How AI can resolve issues plaguing the healthcare industry
Priya Wadhwa
Artificial Intelligence

How AI can resolve issues plaguing the healthcare industry

AI is the answer to making precision medicine more accessible.

Here's a problem that almost everyone has experienced: As an expat, or even one who has always lived in the country, you don’t always know which doctor is right for you. Nor does every doctor or specialist you visit have all the information regarding your medical history and background.

In this case, almost every doctor will see your symptoms, give a diagnosis and prescribe medicines, or simply refer you to the right specialist. This causes a number of issues, including but not limiting to an incorrect prescription, which leads to many saying they haven’t felt any better with the medicines, as well as a delay in correct diagnosis and inciting a feeling of distrust in the patients.

SME 10X spoke to Melda Akin, co-founder of Dimension14, an AI decision-making tool that can be deployed in various industries, including healthcare, academics, mobility, and e-commerce, to solve such issues.

The fact is, the more information the doctor has about you, including the medicines that have previously worked, blood type, blood sugar, medical history, and such, the better the diagnosis and treatment is going to be.”
Melda Akin, co-founder of Dimension14

However, not all doctors have the time. It is an inefficient system. “Clinics see thousands of patients in a month,” says Akin.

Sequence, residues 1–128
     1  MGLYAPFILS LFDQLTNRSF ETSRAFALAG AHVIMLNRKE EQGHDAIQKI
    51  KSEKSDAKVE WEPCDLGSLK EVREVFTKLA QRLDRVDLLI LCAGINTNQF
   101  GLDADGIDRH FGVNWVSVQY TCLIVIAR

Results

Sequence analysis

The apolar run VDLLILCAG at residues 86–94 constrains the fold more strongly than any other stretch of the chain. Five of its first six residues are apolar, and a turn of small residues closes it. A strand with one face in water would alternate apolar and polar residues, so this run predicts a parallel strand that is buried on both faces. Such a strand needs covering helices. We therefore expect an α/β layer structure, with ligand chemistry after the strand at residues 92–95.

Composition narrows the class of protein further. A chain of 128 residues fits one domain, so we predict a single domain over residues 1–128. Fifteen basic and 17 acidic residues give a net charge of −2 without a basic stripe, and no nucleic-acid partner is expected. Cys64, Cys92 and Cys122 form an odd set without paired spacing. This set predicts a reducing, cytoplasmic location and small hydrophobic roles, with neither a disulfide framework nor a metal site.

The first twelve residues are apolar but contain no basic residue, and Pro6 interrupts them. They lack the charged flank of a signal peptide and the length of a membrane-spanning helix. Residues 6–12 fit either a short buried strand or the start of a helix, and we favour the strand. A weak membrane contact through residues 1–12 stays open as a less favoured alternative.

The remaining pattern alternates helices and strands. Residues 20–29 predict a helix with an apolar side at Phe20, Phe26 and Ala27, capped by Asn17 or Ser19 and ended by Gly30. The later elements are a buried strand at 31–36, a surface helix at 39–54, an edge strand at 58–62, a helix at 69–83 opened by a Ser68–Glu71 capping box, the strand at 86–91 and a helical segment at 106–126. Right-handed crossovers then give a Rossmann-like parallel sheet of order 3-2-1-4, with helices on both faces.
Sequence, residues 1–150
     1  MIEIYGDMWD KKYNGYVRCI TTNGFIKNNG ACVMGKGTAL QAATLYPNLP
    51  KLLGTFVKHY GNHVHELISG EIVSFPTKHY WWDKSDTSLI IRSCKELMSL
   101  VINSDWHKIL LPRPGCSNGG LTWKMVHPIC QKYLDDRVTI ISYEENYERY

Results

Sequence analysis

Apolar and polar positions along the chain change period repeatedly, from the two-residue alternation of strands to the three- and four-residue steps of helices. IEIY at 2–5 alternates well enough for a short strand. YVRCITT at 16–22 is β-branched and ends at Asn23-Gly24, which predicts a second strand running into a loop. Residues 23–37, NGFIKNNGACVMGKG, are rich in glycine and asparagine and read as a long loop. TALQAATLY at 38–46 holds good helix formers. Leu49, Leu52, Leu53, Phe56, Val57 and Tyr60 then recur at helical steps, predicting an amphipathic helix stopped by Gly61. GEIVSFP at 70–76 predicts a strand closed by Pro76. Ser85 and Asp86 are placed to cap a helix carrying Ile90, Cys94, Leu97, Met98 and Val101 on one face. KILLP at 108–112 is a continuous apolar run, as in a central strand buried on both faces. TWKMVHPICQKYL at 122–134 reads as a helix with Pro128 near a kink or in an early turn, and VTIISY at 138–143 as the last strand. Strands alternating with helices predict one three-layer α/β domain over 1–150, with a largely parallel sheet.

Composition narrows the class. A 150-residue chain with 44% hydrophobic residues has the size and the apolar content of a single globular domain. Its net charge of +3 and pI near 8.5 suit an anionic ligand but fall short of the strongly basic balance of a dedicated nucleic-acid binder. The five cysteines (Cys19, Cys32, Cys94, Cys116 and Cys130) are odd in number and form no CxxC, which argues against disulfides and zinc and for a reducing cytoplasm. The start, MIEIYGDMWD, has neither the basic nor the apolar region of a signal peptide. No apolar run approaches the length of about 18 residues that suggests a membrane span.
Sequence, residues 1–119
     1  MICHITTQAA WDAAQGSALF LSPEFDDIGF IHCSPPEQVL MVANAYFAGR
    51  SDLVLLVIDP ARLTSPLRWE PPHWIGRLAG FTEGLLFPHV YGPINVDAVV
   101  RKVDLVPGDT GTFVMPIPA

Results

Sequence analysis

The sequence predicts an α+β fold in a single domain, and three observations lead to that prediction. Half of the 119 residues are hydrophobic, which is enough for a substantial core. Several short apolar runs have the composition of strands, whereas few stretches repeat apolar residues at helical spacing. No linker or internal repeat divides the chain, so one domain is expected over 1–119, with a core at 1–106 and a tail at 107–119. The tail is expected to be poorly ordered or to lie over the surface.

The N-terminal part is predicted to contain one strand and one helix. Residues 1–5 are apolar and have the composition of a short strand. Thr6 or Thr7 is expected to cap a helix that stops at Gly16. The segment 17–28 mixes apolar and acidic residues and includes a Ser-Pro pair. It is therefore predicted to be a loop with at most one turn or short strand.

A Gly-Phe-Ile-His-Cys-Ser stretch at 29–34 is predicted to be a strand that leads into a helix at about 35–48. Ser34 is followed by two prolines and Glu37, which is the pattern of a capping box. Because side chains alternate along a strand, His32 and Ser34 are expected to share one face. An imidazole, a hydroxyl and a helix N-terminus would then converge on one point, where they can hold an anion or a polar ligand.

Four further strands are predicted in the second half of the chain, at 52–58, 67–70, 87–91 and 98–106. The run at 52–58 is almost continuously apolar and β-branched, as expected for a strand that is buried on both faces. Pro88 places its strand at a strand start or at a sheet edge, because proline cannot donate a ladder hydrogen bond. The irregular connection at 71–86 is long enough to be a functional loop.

Plus, a large chunk of the population does not even see a doctor once in 6 months. So, how is it practically possible for doctors to have an immediate recollection of patients’ background, or even the time to peruse through the details as it is not right to expect patients to go to the same doctor every time.

This is where AI steps in to solve the issue.

AI can optimise the entire system and customer journey, right from searching for the right doctor based on your medical history and symptoms, to supporting the doctor in giving the right diagnoses and treatment.
Melda Akin, co-founder of Dimension14

She explained that blood pressure, blood type, ethnicity, sugar levels, insulin sensitivity, genetics, weight, hormones — they all play a role in determining the effectiveness of treatments. This is where Artificial intelligence can be a game-changer.

This is especially true in oncology. Today technology exists whereby physicians can take a section slide of a tumour, study it in relation to a person’s genetics and other factors, and predict whether they need chemotherapy, surgery, just hormonal therapy, or another form of treatment. This is the epitome of precision medicine.

AI is leading the world to a path of personalised or precision medicine, as opposed to DTC mass-produced drugs.

However, the time and resources this takes make precision medicine expensive. This is where AI can step in to automate those decisions — more than making it cost-effective, it can make personalised medicine accessible to a larger majority of people.

The way forward requires more data to strengthen machine learning and AI systems, so they can learn more and be of better help. However, it also needs strong and regulated cybersecurity solutions to protect against the misuse of data.

The more technology advances, the more life-changing ways we discover in which AI can help humanity and the world resolve some of the most challenging issues. Healthcare is a great aspect in which we will see AI take a stronger lead. But it needs to go hand in hand with strong security solutions, as well as regulation — just as any other medicine that can impact the health of a living being.